I had intended to avoid Annuals entirely during what I assumed was bound to be their awkward indie rock adolescence, but whoops, occasionally one of those little brats will turn out to be a precocious wunderkind. Let’s start with Adam Baker: He’s as competent a frontman as I’ve ever seen for his age, especially considering that he’s tethered down by guitars and a keyboard. His delivery is part yelp and part emo-whine, but the most impressive part is that he was able to write pop songs that expertly glue the six-piece ensemble together even when there are four dudes playing drums.
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Hailing from Brooklyn gave this four-piece a CMJ home-field advantage. Unfortunately they never really took advantage of it, except for one obnoxious girl in the front row who shrieked for every song. Playing heavily guitar driven rock with harmonies that would gradually shift in and out of focus, the lead singer dwelled on falsetto-driven vocals that seemed to contradict his taste for distortion penetrating guitar solos. The second guitarist mostly focused on turning his reverb way up and engineering really slow notes that would dispel into layers of granular background noise. The latter he achieved by spending a decent amount of time hunched over on his knees and fiddling with an assortment of knobs. The group’s frontman was the only member who seemed to process any sort of emotion or expression, the others just listlessly thrumming along in perfect rhythm. This made it difficult to respond in any positive way to their innocuous and placid sound. That is, unless you were already a groupie.
Power chords akin to Whitesnake and monotonic pointillistic bass lines that evoked the Strokes were this London quartet’s calling card. Added on were anguished and self-involved lyrics that sometimes became morbid or drab and resentful. Singing in what began as a grumbled, mumbled, voice, the lead singer took on a more euphonious tone as the set progressed and he honed in his vocals around the intended notes. Heavy synthesizers permeated all their songs, either sounding like icicles and serving as decorative accents or calming amorphous swaths of light and adding background. Singing usually took precedence for the lead singer, letting his guitar hang loosely during verses and only picking it up to play final garnishes. When he did dig in to it, he pulled heavy on his whammy bar, letting his guitar snarl before singing. But more often than not it was the relentless beating bass line that covered any cantabile cadence.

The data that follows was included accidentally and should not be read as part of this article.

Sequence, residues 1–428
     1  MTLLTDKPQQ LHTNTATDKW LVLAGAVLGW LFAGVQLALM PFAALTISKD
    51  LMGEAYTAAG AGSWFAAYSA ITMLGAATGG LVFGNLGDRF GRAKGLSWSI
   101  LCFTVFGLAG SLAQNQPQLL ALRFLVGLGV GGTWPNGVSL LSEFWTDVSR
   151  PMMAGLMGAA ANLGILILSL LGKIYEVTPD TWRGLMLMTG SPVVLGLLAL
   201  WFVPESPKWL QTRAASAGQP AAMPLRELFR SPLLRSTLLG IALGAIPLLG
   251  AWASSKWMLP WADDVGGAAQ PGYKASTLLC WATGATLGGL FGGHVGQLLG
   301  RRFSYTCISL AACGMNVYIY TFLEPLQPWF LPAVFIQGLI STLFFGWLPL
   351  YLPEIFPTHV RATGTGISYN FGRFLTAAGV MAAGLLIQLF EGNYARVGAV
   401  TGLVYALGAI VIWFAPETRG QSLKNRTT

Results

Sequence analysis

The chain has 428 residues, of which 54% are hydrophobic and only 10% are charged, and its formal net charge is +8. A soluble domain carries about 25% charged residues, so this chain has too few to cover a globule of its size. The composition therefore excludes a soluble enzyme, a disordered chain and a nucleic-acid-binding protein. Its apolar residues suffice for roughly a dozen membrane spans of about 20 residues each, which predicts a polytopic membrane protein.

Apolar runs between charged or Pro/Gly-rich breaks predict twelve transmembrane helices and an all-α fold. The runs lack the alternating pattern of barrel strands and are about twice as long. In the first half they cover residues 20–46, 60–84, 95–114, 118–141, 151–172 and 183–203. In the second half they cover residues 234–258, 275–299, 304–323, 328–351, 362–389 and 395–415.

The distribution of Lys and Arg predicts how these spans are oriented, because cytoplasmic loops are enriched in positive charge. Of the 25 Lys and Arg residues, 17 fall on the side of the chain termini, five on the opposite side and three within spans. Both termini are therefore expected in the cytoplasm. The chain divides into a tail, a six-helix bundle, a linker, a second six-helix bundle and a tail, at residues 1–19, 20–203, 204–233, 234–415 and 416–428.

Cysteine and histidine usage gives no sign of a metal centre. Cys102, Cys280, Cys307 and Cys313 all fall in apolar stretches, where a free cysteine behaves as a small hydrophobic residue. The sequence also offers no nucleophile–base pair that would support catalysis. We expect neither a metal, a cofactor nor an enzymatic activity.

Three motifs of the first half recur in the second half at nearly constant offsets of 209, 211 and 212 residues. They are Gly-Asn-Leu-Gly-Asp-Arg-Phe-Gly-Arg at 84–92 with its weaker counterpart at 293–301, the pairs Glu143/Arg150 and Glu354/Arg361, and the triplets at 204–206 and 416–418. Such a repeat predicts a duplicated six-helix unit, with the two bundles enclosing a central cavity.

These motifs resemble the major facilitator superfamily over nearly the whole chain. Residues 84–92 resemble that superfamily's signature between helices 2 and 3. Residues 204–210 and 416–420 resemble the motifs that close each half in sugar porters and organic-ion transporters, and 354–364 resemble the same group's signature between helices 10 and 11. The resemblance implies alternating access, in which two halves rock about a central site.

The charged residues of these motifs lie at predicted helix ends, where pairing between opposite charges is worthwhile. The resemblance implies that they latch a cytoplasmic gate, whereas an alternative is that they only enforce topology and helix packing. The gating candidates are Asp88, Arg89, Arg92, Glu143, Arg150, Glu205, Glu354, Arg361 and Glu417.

Playing dreary treble soaked guitar rock, Violens’ sound drew heavily from the Smiths and Morissey. The lead singer’s mumbled, somber melodies were distant and detached, as if singing the songs recreated whatever melancholy motives went into writing them. Super-synthesized keys backed up the heavier guitar sounds, usually in wishy-washy smothering chords. Though the songs were consistently minor-toned, the bass player’s melodic lines hinted at reconciling whatever had got them down to begin with. More interesting rhythms populated most of their songs too, giving you a sense that they were trying to expand the indie rock sound rather than just master it.
Most of the artists involved in the Panache Showcase, which took over the Knitting Factory on Friday night, tended to emphasize style over substance (see: An Albatross). But in this respect, Los Angeles foursome The Mae Shi represented the exception to the rule—they turn style into substance. The Mae Shi are a gigantic ball of energy and enthusiasm, marrying No Age-like showmanship and intensity to their anthemic spazz-punk musical catalogue. Though they supplemented their set with a few props, such as performing part of the show beneath a gigantic rainbow parachute that they unfurled over the crowd, it never seemed like a plea for attention and it worked well with the Day-Glo madness the group personifies. Floating on a sea of major key guitar melodies, a packed house easily bought into The Mae Shi’s half-inaudible speed punk, half drunken sing-along. The foursome brought everyone along for a 45-minute ride, and by the end, few seemed eager to get off the bus—myself included.
// Moving Pixels
"It's easy to dismiss blood and violence as salacious without considering why it is there, what its context is, and what it might communicate.READ the article